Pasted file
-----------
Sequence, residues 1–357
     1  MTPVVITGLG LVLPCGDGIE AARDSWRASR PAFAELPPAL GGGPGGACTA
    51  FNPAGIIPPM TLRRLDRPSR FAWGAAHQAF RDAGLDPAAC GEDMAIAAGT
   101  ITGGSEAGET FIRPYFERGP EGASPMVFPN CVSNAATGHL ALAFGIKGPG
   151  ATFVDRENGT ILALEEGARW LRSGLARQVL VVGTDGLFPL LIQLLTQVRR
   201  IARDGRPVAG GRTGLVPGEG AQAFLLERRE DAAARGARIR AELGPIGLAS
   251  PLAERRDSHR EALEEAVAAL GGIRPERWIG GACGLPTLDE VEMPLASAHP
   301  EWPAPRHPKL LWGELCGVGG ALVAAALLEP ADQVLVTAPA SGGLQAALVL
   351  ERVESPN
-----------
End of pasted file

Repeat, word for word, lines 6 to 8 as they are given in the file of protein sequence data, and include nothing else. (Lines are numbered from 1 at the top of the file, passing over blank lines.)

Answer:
   201  IARDGRPVAG GRTGLVPGEG AQAFLLERRE DAAARGARIR AELGPIGLAS
   251  PLAERRDSHR EALEEAVAAL GGIRPERWIG GACGLPTLDE VEMPLASAHP
   301  EWPAPRHPKL LWGELCGVGG ALVAAALLEP ADQVLVTAPA SGGLQAALVL